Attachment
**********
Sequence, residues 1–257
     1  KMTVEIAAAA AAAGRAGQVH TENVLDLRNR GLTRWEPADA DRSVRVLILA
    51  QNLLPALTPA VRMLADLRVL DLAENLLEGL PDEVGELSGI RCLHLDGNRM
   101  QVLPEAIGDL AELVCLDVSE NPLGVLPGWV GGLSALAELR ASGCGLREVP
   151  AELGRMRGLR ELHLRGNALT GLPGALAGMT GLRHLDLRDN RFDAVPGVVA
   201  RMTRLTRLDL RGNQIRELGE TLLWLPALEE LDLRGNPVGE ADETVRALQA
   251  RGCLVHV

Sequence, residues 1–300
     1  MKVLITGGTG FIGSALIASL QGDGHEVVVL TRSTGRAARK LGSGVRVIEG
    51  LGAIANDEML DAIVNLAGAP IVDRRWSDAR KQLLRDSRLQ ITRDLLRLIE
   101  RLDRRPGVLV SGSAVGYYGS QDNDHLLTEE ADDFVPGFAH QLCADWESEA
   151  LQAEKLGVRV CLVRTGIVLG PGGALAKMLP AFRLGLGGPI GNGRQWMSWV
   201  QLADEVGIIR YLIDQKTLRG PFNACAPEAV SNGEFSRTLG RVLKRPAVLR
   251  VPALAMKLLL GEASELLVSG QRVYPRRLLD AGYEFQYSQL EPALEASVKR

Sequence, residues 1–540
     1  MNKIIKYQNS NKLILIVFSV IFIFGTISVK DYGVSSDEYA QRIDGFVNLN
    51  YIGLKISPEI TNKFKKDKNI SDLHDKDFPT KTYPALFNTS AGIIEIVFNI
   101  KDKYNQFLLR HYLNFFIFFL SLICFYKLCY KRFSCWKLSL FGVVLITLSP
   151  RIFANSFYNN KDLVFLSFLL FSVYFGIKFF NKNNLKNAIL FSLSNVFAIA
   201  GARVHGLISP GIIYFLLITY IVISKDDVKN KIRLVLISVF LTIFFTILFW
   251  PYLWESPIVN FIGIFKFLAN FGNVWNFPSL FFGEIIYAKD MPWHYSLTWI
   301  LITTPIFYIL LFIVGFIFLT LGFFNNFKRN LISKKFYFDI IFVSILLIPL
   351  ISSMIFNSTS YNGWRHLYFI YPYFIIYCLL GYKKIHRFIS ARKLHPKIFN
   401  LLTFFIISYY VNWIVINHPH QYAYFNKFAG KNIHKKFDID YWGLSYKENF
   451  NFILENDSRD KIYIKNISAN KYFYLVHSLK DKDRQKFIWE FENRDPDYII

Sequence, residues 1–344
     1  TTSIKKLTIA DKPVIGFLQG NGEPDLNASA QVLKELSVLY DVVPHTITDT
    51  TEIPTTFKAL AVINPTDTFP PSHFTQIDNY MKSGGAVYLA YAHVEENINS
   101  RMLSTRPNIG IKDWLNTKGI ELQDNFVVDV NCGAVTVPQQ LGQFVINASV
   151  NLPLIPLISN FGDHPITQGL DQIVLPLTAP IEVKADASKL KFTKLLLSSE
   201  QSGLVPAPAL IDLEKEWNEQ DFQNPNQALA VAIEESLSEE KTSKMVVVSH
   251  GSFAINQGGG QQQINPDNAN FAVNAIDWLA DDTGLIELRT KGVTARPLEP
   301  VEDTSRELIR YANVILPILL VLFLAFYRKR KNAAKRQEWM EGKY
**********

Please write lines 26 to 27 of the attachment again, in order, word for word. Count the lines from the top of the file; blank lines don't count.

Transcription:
Sequence, residues 1–344
     1  TTSIKKLTIA DKPVIGFLQG NGEPDLNASA QVLKELSVLY DVVPHTITDT